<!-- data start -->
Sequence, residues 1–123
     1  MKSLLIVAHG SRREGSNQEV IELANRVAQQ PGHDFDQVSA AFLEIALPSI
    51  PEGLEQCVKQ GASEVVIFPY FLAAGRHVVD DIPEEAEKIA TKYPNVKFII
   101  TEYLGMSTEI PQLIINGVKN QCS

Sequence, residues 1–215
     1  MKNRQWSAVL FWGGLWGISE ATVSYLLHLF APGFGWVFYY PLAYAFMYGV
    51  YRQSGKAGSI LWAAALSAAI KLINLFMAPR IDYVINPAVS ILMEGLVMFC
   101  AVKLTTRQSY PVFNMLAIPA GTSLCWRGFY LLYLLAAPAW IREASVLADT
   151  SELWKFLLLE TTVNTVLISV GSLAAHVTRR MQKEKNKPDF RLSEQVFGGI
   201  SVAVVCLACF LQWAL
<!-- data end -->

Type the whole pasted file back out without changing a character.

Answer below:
Sequence, residues 1–123
     1  MKSLLIVAHG SRREGSNQEV IELANRVAQQ PGHDFDQVSA AFLEIALPSI
    51  PEGLEQCVKQ GASEVVIFPY FLAAGRHVVD DIPEEAEKIA TKYPNVKFII
   101  TEYLGMSTEI PQLIINGVKN QCS

Sequence, residues 1–215
     1  MKNRQWSAVL FWGGLWGISE ATVSYLLHLF APGFGWVFYY PLAYAFMYGV
    51  YRQSGKAGSI LWAAALSAAI KLINLFMAPR IDYVINPAVS ILMEGLVMFC
   101  AVKLTTRQSY PVFNMLAIPA GTSLCWRGFY LLYLLAAPAW IREASVLADT
   151  SELWKFLLLE TTVNTVLISV GSLAAHVTRR MQKEKNKPDF RLSEQVFGGI
   201  SVAVVCLACF LQWAL